Actors typically can't upstage the ravishing sights of Venice, Italy.
Then again, actors typically aren't as drop dead gorgeous as Angelina Jolie and Johnny Depp.
The Tourist casts these international sex symbols in a pick-up game of Charade, with Depp as a more awkward Cary Grant and Jolie handling the Audrey Hepburn glamour. Like that previous film, The Tourist is less likely to be remembered for its cat-and-mouse machinations than for the beautiful people carrying them out.
Director Florian Henckel von Donnersmarck — working several shades lighter than his Oscar-winning foreign film The Lives of Others — is mostly content to pose his show ponies on balconies of luxurious hotel rooms, dancing in opulent ballrooms, or cruising in sleek motorboats on Venice's canals. He knows superficiality works if the surface gleams enough.
The Tourist's itinerary actually begins in Paris (France, a subtitle helpfully informs us). Elise Clifton-Ward (Jolie) is under surveillance by Interpol, who believe she'll lead them to a master thief — her lover — owing England millions of dollars in unpaid taxes. She's slipped a message from the mystery man coaching her to catch a train to Venice and get cozy with any man resembling him, to throw off the posse.
That man is Frank Tupelo (Depp), a shaggy and somewhat shy vacationer who is quickly captivated by Elise. They share dinner and flirt-talk, winding up in a posh hotel for the evening where nothing sexy happens. Frank is perplexed but Elise has her ringer where she wants him. Then a mixup at Scotland Yard mistakenly identifies Frank as the thief, a mobster (Steven Berkoff) whose fortune was stolen believes it, and the chase is on.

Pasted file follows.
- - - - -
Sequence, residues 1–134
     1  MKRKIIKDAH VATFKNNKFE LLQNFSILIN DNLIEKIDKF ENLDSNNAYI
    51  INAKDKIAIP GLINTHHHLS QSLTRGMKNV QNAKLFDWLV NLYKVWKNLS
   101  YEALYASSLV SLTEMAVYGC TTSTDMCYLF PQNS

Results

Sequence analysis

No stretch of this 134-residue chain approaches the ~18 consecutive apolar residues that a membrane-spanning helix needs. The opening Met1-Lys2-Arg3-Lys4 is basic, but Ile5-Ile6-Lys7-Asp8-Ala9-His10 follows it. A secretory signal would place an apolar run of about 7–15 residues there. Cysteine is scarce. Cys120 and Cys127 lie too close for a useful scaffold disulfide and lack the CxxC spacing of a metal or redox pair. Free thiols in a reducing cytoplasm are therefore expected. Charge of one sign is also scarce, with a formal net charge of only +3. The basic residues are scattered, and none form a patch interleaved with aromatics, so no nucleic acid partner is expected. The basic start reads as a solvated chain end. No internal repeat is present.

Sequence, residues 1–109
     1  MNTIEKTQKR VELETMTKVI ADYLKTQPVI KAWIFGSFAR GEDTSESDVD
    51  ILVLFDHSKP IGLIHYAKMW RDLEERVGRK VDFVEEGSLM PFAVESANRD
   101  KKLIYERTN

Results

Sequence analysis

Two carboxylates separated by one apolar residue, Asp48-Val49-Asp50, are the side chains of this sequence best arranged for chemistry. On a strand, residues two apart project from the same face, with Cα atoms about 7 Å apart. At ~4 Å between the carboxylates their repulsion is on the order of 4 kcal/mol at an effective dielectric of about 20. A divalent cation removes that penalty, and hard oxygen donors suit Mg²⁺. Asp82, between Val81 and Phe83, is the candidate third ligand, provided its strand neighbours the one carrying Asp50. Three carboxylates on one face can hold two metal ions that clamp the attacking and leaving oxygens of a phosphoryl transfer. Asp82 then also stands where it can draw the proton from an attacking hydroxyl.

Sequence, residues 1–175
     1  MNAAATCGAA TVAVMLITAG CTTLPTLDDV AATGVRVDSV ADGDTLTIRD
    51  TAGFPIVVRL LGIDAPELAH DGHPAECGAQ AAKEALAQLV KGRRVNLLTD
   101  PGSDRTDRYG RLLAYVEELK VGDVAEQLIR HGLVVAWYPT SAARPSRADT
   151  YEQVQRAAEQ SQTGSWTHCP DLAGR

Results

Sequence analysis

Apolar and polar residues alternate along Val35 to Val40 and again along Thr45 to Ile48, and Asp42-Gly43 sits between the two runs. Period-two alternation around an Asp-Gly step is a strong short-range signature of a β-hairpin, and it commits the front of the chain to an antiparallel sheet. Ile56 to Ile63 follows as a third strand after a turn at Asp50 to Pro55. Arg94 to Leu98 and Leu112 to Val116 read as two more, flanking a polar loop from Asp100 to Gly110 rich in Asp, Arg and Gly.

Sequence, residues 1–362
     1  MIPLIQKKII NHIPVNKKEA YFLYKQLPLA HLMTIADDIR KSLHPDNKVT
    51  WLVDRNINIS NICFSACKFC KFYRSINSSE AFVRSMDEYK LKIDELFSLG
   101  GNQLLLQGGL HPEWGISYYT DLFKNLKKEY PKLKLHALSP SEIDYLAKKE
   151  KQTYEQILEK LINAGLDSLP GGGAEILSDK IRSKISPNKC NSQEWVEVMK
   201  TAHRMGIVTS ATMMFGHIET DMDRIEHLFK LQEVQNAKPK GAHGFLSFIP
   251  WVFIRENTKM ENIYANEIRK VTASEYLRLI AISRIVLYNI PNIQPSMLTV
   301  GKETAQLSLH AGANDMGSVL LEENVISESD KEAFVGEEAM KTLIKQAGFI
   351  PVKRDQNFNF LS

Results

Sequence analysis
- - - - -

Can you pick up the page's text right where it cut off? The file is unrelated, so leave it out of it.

Only one chase excites; a boat duel on a canal providing most of the action in The Tourist. The rest is rooftop running and quick bursts of gunfire, mixed with a knife threat or two. There's a midsection twist and another at the finale, neither of which will be spoiled but neither worth the secrecy.
What The Tourist lacks in thrills is compensated by Depp's amusing version of a schlub, Jolie's skill as a walking mannequin draped in finery, and their combined, combustible chemistry. It's a wonder that nobody put them together before. Von Donnersmarck makes the most of his chance, staging long kisses in pore-revealing closeups with swelling strings on the soundtrack. Just like the world's sexiest actors deserve.
One more thing: The Tourist is a great example of giving background extras more to do than milling around and faking conversation. Each are also apparently instructed to interrupt whatever they're doing when Jolie sashays by, to offer approving nods for her backside. Nice work, if you can get it.
Steve Persall can be reached at firstname.lastname@example.org or (727) 893-8365. Read his blog, Reeling in the Years, at tampabay.com/blogs/movies.